Please upgrade to the latest version of Flash Player.

Click here if you already have Flash Player installed.

Lumbar Corpectomy

Lumbar corpectomy is a surgical procedure performed to fuse the vertebrae together after a portion of the bone and/or disc has been removed. This procedure is commonly performed on patients with diseased or damaged vertebrae in the lower spine, such as from a spinal fracture, tumor or infection.

During the lumbar corpectomy procedure, an incision is made to access the affected area of the spine. The damaged portion of the bone is carefully removed, which helps to relieve pressure on the nerves. The surrounding discs are also removed, before a bone graft is implanted into the area. The graft is usually held in place with a metal plate and screws. Over time, the bone graft will fuse with the surrounding vertebrae, restoring stability and strength to the area.

After the lumbar corpectomy procedure, patients will need to stay in the hospital for four to seven days. You will likely be able to return to work and other light activities after six weeks, although exercise should be avoided for three to four months. Your doctor will provide you with specific postoperative instructions based on your individual condition and procedure.

Vertebral Body Replacement

Many different spinal surgeries involve replacing damaged or diseased vertebrae with bone grafts in order to relieve pain and other unwanted symptoms. While bone grafts are able to effectively relieve symptoms and restore movement to the joint, they require extra support after surgery in order to keep the spine stable. This is done with vertebral body replacement devices.

These devices, usually made of stainless steel or titanium, are implanted into the spine during a spinal fusion procedure in order to secure bone grafts in place so that the patient can heal properly. There are several different replacement devices available, depending on the type of surgery being performed.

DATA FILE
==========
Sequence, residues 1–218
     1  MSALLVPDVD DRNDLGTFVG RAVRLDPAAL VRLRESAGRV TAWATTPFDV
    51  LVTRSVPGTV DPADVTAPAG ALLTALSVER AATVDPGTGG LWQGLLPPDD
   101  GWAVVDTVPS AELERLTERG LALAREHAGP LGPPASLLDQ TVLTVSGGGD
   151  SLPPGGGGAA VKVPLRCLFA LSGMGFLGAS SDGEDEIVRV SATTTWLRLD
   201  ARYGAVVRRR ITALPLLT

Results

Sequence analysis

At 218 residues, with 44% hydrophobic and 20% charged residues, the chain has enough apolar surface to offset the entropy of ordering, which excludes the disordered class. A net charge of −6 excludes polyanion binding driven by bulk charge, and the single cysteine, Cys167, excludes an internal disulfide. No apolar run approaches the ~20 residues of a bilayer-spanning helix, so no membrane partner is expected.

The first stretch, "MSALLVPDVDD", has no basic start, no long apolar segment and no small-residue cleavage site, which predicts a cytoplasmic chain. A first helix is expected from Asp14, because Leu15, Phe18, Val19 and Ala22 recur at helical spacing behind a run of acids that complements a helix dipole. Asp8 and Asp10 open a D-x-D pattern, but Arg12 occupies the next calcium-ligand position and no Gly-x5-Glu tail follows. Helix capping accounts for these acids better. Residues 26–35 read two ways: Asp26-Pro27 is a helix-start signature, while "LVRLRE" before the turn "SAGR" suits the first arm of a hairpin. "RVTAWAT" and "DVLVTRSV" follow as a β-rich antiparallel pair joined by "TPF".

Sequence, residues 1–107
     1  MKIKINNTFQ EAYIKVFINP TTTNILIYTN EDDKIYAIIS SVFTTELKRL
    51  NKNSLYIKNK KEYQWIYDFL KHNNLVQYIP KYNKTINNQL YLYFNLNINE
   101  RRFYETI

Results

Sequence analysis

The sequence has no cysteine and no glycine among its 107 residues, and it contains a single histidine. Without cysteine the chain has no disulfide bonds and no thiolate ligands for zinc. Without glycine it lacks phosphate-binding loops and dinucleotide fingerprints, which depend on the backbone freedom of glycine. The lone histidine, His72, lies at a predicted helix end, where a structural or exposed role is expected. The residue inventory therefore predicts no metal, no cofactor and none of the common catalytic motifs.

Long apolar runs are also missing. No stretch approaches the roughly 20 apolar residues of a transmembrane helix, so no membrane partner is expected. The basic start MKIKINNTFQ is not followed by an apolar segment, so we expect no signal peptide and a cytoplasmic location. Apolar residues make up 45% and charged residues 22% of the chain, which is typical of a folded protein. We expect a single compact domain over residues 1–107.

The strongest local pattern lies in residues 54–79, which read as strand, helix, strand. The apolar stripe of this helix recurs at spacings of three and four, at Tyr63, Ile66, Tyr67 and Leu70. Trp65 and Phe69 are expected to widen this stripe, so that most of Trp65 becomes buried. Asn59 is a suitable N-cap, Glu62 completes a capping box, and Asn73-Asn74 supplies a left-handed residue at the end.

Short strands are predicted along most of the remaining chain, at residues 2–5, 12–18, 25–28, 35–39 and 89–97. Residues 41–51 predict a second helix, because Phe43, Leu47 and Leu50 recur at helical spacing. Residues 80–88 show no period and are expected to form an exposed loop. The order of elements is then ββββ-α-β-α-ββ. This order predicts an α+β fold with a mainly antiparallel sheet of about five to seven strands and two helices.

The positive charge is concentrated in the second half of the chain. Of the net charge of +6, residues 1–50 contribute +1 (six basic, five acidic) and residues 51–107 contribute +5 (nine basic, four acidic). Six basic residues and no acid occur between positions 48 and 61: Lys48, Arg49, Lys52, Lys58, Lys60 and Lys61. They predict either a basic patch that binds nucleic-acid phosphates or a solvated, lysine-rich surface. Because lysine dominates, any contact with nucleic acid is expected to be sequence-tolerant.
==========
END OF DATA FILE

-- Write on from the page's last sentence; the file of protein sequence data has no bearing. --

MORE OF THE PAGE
There are many minimally invasive techniques that can be utilized during the replacement procedure so that patients can benefit from smaller incisions, less trauma and shorter recovery times. Minimally invasive procedures are not for everyone. Your doctor will decide which treatment is best for you after a thorough evaluation of your condition.

Hardware Replacement

Many spinal surgeries involve the use of metal rods, screws, plates and other devices to hold bones in place while the treated area heals. These devices are highly effective in helping patients heal properly with significant reductions in their pain and other symptoms. While this hardware remains in place in some cases, many times it needs to eventually be removed.

Hardware removal is a surgical procedure to take out the devices placed during surgery when they are no longer needed, or are causing symptoms of their own. This procedure can often be performed using minimally invasive techniques to reduce trauma and shorten recovery times. Recovery from hardware removal takes several weeks.

back to top